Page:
IN: PMI Services Index

Wed Jan 03 23:00:00 CST 2018

Actual Previous
Level 50.9 48.5

The Nikkei PMI survey for India's services sector indicates that the sector rebounded in December, with the headline business activity index increasing to 50.9 from 48.5 in November. The headline index for the Nikkei Manufacturing PMI survey, published earlier in the week, also advanced from 52.6 in November to 54.7 in December, its highest level in five years. Together, these moves resulted in the composite index rising from 50.3 in November to 53.0 in December, its highest level since October 2016.

The increase in the service sector headline index reflected an improvement in new orders, which the survey indicates were flat after falling modestly in November. The manufacturing survey showed strong growth in new orders in December. The two surveys showed stronger jobs growth in both the services and manufacturing sectors, employment growing in the former at the fastest pace since September and the latter at the fastest pace since 2012. Service sector respondents reported little change in their confidence about the twelve-month outlook after this rose to a four-month high in November, while the manufacturing survey showed confidence at a three-month high.

The two surveys showed divergent moves in price pressures in November. Input costs and selling prices were both reported to have risen at a slower pace in the services sector, whereas manufacturers reported both rose at a faster pace.

Together, the PMI surveys for December show that the manufacturing sector has recovered strongly in recent months after the government's new goods and services tax was introduced in July, whereas conditions in the services sector remain somewhat subdued. Service sector respondents have continued to cite the new tax as a factor weighing on demand. Nevertheless, the increase in the services survey's headline index, though modest, suggests that officials at the Reserve Bank of India will likely keep their main focus on the inflation outlook at their next policy meeting scheduled for early next month.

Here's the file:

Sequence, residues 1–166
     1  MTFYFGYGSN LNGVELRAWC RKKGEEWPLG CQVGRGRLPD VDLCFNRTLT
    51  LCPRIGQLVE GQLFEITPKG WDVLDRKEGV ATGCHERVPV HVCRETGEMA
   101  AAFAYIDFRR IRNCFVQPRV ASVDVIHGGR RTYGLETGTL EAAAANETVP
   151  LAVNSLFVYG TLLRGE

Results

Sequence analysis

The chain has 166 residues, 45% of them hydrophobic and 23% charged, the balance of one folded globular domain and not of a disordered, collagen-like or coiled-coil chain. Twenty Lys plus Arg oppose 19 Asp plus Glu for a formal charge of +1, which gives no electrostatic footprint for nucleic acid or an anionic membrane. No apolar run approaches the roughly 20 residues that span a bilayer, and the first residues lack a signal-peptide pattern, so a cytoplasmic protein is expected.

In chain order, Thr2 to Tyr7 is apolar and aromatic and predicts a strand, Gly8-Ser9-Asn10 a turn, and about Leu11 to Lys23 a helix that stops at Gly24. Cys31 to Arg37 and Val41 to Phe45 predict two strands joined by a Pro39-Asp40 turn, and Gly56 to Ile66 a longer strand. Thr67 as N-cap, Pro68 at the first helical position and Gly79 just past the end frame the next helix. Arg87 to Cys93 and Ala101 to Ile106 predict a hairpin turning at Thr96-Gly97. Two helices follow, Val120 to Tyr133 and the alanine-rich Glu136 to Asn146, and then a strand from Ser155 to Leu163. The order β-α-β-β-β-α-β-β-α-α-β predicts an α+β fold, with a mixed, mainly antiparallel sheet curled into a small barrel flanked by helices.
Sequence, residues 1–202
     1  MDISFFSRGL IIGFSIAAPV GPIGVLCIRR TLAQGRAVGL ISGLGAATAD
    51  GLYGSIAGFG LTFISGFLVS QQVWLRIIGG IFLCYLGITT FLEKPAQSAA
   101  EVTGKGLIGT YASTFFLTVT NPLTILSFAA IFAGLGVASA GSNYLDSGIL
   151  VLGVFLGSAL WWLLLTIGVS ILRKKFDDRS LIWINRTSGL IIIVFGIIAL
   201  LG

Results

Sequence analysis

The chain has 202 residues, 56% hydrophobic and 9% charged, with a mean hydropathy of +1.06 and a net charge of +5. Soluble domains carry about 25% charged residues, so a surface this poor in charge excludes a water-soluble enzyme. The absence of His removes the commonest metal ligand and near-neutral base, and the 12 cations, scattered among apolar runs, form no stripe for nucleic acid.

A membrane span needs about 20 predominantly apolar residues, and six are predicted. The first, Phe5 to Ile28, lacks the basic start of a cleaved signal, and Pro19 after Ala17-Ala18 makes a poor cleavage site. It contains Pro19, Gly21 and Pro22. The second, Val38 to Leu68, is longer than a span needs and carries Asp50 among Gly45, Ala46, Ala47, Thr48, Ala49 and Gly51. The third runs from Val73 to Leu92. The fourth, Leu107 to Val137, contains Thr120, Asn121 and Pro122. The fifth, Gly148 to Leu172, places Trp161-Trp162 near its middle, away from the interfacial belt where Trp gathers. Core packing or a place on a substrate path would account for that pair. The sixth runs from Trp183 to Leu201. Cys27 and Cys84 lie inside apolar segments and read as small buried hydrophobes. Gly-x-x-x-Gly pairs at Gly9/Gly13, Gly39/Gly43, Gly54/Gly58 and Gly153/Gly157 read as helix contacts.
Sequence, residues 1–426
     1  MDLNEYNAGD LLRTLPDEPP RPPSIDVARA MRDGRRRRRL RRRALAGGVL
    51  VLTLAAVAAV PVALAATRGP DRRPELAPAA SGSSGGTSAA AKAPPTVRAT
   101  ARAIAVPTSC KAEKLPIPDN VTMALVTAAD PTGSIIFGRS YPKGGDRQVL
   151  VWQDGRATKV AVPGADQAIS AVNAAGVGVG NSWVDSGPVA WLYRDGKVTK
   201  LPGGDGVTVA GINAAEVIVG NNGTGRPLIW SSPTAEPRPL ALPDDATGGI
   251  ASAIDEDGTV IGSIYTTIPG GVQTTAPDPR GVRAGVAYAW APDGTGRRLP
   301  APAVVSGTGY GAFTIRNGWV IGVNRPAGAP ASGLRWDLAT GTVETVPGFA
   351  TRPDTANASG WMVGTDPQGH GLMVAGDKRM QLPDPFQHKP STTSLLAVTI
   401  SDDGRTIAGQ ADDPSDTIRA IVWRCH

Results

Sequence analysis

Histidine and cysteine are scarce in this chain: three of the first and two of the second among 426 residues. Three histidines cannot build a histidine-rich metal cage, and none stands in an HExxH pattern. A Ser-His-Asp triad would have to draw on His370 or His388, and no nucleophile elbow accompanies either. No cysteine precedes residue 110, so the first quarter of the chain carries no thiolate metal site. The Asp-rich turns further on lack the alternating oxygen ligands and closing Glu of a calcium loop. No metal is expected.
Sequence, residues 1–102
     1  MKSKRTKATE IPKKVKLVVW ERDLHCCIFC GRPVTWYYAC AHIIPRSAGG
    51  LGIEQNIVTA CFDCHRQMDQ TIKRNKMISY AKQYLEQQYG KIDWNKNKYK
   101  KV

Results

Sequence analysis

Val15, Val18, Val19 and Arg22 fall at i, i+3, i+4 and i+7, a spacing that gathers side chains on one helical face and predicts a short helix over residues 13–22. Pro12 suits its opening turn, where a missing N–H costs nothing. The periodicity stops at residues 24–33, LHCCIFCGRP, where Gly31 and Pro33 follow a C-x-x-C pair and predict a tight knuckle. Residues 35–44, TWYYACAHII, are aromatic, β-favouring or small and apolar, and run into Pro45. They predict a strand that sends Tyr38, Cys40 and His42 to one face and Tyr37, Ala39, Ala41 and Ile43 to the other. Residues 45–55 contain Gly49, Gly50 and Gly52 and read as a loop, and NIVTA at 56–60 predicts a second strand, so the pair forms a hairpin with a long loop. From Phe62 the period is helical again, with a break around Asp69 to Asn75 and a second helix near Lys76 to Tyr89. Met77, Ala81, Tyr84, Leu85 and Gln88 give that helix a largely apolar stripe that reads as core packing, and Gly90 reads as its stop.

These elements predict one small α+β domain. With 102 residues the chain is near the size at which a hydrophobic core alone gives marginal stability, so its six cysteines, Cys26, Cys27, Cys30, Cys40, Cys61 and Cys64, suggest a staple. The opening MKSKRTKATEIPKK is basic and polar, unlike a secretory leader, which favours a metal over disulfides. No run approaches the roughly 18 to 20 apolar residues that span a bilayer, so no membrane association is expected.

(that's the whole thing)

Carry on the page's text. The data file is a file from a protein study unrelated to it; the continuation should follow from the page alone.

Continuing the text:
The Services Purchasing Managers' Index (PMI) is a joint publication by Markit and the Nikkei media organisation and provides an estimate of business activity in private sector services for the previous month by using information obtained from a representative sector survey incorporating around 800 companies. Results are synthesised into a single index which can range between zero and 100. A reading above (below) 50 signals rising (falling) activity versus the previous month and the closer to 100 (zero) the faster is activity growing (contracting).

Investors need to keep their fingers on the pulse of the economy because it dictates how various types of investments will perform. By tracking economic data such as the Markit PMIs, investors will know what the economic backdrop is for the various markets. The stock market likes to see healthy economic growth because that translates to higher corporate profits. The bond market prefers less rapid growth and is extremely sensitive to whether the economy is growing too quickly and causing potential inflationary pressures.

The survey responses reflect the change, if any, in the current month compared to the previous month based on data collected mid-month. For each of the indicators the report shows the percentage reporting each response, the net difference between the number of higher/better responses and lower/worse responses, and the diffusion index. This index is the sum of the positive responses plus a half of those responding the same.

The Purchasing Managers' Index (PMI) survey methodology has developed an outstanding reputation for providing the most up-to-date possible indication of what is really happening in the private sector economy by tracking variables such as sales, employment, inventories and prices. The indices are widely used by businesses, governments and economic analysts in financial institutions to help better understand business conditions and guide corporate and investment strategy. In particular, central banks in many countries use the data to help make interest rate decisions. PMI surveys are the first indicators of economic conditions published each month and are therefore available well ahead of comparable data produced by government bodies.